The autistic spectrum: From theory to practice
The autistic spectrum: From theory to practice

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The autistic spectrum: From theory to practice

6.6 Developing socio-cognitive skills

Some recent approaches are directed at helping people with autism to establish theory of mind type skills. The rationale, in contrast to behaviour modification, is that this will bring about relatively fundamental psychological change and social adjustment rather than tackling ‘surface’ symptoms. Experimental work by Hadwin et al. (1996) demonstrated a way of teaching mental state understanding to children with ASDs. Patricia Howlin and colleagues (Howlin et al., 1999) elaborated this as a programme for practitioners and carers to use with children (see Box 14).

Box 14: Teaching mind-reading skills

The approach offers detailed materials and instructions for helping children tackle three main areas of mind-reading skills: Understanding emotions; understanding ‘informational states of mind’, such as beliefs; pretend play. In each of these areas the training materials are arranged in order of difficulty so that the child progresses from learning about simple mind-reading skills to more complex ones. For instance, the training material for emotions are arranged to tackle the following skill levels:

  • Level 1: ability to recognise from photographs facial expressions such as happy, sad, angry, afraid.

  • Level 2: ability to recognise expressions as in Level 1, but from facial cartoons.

  • Level 3: ability to predict how a character will feel given a situation depicted in a picture (e.g. fear when an accident is about to happen).

  • Level 4: ability to identify a character's feelings (happy or sad) according to whether their desires (e.g. to go to the movies) are satisfied.

  • Level 5: ability to recognise emotions caused by a character's belief about a situation, e.g. a child wants to go to the movies and thinks their mother is taking them.

Figure 10, below, illustrates a teaching page for Level 5. In each area, the teacher works through a whole series of such pictorial examples with the child and tests that the child has understood the principle being taught, before moving on to a different example. In this way the approach seeks to ensure generalisation of the skill across different examples and to the next level of difficulty. The situations illustrated are as near as possible to real-life situations that the child might experience. However, as Figure 10 shows, the approach could be seen as encouraging a ‘pictures in the mind’ notion of how other people think.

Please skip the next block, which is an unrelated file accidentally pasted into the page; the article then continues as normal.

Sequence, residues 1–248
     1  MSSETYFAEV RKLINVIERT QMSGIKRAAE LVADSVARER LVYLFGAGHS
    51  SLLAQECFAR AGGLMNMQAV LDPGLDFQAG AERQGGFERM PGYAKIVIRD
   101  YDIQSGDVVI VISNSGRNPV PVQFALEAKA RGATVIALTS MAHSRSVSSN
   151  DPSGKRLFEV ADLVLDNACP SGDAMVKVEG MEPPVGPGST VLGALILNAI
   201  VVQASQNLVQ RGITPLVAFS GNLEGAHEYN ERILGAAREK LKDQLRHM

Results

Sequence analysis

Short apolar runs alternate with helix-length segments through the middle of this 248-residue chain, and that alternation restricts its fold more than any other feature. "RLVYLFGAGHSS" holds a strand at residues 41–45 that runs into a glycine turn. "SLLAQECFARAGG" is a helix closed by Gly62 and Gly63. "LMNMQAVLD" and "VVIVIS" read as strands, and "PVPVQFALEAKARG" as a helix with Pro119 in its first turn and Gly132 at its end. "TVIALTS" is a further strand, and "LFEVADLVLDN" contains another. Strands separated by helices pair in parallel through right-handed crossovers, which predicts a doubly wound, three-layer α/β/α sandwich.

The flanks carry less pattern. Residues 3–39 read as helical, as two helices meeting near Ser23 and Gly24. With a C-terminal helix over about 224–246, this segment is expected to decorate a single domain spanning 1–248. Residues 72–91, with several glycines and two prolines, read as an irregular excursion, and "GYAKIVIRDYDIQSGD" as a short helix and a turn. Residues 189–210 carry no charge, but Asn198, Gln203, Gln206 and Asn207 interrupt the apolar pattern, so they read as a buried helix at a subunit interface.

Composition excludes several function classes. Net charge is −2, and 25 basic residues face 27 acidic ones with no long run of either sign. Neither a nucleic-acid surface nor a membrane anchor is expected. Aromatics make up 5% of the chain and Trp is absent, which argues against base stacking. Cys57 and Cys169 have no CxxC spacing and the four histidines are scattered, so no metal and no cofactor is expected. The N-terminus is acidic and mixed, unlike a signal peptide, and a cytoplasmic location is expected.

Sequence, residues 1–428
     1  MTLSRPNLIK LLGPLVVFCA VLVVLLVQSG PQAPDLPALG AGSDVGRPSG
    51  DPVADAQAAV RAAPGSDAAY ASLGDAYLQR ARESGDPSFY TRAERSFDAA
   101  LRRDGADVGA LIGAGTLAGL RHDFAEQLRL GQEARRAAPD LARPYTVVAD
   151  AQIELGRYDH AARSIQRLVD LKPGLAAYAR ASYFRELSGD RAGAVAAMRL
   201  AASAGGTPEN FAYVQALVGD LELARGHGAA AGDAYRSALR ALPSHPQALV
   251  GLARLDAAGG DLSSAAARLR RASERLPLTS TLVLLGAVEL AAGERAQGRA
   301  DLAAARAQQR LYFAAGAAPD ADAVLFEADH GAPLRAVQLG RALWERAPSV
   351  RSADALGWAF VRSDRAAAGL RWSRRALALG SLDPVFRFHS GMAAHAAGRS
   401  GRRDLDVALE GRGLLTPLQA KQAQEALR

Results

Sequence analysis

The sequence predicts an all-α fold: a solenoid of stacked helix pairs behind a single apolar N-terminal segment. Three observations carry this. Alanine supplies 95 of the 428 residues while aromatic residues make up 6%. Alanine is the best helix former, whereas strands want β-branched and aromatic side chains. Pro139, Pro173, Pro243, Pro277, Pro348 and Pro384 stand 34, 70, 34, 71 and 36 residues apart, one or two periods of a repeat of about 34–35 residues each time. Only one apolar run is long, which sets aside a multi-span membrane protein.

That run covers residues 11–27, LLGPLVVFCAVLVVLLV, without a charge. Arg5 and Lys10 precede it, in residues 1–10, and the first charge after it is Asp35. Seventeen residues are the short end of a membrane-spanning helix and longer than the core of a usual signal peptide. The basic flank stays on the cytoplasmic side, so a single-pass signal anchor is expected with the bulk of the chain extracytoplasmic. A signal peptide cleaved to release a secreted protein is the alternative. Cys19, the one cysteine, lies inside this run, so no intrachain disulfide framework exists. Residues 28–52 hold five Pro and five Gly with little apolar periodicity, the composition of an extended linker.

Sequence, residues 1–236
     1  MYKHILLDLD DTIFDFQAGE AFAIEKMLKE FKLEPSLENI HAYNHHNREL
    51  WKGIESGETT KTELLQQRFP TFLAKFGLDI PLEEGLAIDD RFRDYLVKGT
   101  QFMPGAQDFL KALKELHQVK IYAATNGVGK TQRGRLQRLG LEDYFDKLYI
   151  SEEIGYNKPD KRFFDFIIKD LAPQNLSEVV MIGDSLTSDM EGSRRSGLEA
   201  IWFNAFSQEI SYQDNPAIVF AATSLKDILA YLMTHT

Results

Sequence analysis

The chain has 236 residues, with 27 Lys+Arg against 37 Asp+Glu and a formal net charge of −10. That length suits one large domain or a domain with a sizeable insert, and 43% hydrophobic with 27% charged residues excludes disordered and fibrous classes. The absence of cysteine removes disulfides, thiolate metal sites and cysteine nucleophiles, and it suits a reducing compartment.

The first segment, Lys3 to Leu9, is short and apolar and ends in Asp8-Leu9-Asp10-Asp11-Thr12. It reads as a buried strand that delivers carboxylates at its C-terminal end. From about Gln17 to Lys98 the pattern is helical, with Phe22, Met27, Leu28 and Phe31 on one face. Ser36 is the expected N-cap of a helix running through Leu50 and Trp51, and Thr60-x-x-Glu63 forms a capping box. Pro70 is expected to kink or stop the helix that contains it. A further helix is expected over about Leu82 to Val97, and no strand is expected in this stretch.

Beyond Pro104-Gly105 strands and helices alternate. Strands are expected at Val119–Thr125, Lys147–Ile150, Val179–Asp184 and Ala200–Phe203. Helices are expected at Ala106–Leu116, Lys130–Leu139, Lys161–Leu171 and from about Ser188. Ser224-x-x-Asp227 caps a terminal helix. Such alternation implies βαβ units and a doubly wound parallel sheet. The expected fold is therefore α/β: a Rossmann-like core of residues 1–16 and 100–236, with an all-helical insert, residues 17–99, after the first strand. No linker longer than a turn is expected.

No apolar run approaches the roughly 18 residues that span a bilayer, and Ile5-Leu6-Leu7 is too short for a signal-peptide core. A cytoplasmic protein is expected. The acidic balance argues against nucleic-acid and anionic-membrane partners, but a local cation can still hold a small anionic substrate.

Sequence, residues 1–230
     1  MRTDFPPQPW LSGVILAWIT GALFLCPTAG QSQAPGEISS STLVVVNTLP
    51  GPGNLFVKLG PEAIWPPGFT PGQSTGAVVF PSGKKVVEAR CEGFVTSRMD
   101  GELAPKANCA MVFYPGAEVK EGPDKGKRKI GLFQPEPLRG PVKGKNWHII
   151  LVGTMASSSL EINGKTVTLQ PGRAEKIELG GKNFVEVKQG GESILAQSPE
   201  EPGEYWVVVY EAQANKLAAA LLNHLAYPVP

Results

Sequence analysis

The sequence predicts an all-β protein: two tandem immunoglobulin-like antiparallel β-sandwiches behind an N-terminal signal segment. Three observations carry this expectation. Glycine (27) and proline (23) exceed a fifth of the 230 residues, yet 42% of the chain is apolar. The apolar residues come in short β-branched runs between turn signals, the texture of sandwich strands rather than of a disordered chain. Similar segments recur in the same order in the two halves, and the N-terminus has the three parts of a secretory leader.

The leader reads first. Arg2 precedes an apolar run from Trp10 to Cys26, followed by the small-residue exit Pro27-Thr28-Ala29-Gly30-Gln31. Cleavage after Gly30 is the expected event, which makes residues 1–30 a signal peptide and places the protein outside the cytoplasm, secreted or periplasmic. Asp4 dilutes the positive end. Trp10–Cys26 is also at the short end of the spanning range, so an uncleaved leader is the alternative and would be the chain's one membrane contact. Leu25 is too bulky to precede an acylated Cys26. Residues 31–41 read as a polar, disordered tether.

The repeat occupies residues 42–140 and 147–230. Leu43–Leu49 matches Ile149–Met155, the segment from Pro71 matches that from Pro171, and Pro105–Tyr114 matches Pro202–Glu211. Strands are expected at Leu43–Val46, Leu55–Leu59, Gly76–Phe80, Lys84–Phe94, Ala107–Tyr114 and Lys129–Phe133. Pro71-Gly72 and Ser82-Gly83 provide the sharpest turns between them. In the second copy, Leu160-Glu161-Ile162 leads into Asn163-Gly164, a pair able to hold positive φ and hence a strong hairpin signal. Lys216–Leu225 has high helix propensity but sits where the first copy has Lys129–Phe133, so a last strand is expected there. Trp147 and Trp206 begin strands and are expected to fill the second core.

(Howlin et al., 1999)
Example of page used in teaching Level 5 mind reading
Howlin, P., Baron-Cohen, S. and Hadwin, J. (1999) Teaching Children with Autism to Mind-Read, reproduced by permission of John Wiley & Sons Limited ©
Howlin, P., Baron-Cohen, S. and Hadwin, J. (1999) Teaching Children with Autism to Mind-Read, reproduced by permission of John Wiley & Sons Limited
Figure 10: Example of page used in teaching Level 5 ‘mind reading’ skills

Some success has been achieved with these materials, including the key step of helping children to generalise from the materials to situations they have not previously encountered (e.g. Hadwin et al., 1996).

Again, we can use the criteria in Box 11to evaluate this approach:

Theoretical rationale: The programme has a firm grounding in ToM research, which predicts that children will benefit from techniques designed to enhance mental state understanding.

Methodological considerations: Hadwin et al.'s 1996 study constituted an acceptable ‘pilot’, employing appropriate participants and evaluation of the success of the measure. However it may be that what the child learns here is a set of rather ‘wooden’ or theoretical skills for interpreting social situations that will not generalise into skills for entering social interactions.

Ethics: The fact that the child is taught a somewhat ‘mechanical’ view of how minds work could be seen as an ethical problem. This concern is tackled in an interesting, though small-scale, study by Hsiao Yun Chin and Bernard-Opitz (2000). In an intervention with three boys diagnosed with ‘high-functioning’ autism, they focused not on theory of mind per se, but on the conversational skills that are a practical manifestation of theory of mind. They taught the boys the skills of initiating and maintaining a conversation, taking turns and listening attentively, and changing conversational topic. The intervention was moderately successful: one child showed particular improvement, and the parents/carers of all three children rated the training as very effective. Yet the children's performance on experimental tests of false belief showed no improvement as a result of the training, suggesting a dissociation between experimental ‘mind reading’ and practical, everyday skills associated with understanding other minds.

This once again highlights the complex implications of the ToM approach. Theoretical insights are translated here into practical applications, but these applications may, in turn, call for modifications of theory or further revision of the applications.

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